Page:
Definition Of Epigenetics

What is Epigenetics ?

Epigenetics is the field within the genetics studies that the influence of the reversible heritable changes in gene function that occur without changes in the sequence (the sequence of base pairs) of the DNA into the cell nucleus. It also studies the processes that affect the unfolding development of an organism. In both cases, is studied how gene-regulatory information that is not expressed in DNA-sequences still from one generation (cells or organisms) is transferred to the other - that is to say, (based on the Greek prefix), "in addition to," or 'supplementary to "the genetic information encoded in the DNA.

This type of regulation may focus on the DNA, the RNA or proteins and the works on the level of the cell nucleus or the cytoplasm. Nucleosomes play an important role.

Use within science

The term is used for a number of new areas of research in biology that are closely linked to genetics. The Greek prefix "επι (epi) is often translated into the Dutch language as on or near. (If in epicenter, epiphyte etc.)

The current use of the term epigenetics in biology refers to two areas:

-The investigation of the effects of genes on the phenotype in the development of an organism.
-The investigation of heritable changes in gene function without changing the molecular structure of DNA. This is also referred to the investigation of the influence of the environment on the phenotypic expression of genes.

DNA-methylation is one of the ways in which genes are "off" can switch and transcription can be blocked. DNA-methylation often takes place on CpG islands.

The epi mechanism: genomic stamping

Apart from the more or less ingrained gene sequence, which forms the basic structure in the cell in order to determine the genetic stock properties and their relative upper hand, there is a mechanism that this graft, called genomic stamping or genomic imprinting. Epimechanisme This has to do with the ability of the DNA to turn on or off a gene. Obviously, the further development of a new born organism undergoes the restrictions or provisions which are passed by the presence or uitpatroon. Taking into account the fact that there are 25,000 genes in the human genome, this provides a huge amount of possible profiles.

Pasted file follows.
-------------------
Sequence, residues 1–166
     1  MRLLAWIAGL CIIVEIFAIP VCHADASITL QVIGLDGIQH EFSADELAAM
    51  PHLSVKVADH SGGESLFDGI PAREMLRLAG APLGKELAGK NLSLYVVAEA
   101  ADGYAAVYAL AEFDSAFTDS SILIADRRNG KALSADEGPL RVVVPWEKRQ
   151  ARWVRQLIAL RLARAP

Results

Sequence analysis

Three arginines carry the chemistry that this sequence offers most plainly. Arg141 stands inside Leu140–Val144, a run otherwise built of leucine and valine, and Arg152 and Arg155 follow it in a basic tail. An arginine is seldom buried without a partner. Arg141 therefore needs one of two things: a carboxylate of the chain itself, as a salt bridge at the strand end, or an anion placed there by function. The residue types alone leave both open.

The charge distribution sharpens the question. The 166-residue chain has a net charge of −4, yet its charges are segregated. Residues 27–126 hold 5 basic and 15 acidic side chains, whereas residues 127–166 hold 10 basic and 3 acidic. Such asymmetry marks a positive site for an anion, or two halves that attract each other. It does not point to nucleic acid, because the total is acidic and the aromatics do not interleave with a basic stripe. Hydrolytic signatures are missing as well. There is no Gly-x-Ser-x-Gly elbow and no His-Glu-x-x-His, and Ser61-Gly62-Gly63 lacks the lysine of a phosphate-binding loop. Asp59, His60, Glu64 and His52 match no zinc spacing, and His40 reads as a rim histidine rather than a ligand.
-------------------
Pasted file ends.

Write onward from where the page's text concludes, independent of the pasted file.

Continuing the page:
Relation to the environment in space and time

Research has shown that a hypothesis that was proposed by the British professor Marcus Pembrey, as environmental conditions would have an influence on the transferability is indeed confirmed. This research was done on the basis of a Swedish study together with Professor Lars Olov Bygren who had pointed this out to him. Data and figures from a wide and complete Swedish population could be shown that periods of relative famine in a first generation systematically significant manifestation of diabetes in the third generation resulted.

Stress results are hereditary

It is also shown that stress sensitivity in children whose mothers during pregnancy to strong stress stimuli was also exposed is proportionately much higher. Posttraumatic stress disorder (PTSD) in the third trimester of pregnancy cycle this transfer is greatest. Elevated cortisol levels as indicators of stress will be also observed in the baby.

Moreover, it appeared from the Swedish study that there was a difference in the sensitivity period in male or female grandparents. For the women is that at the time of the pregnancy of the mother, for future fathers is the sensitive period just before puberty.

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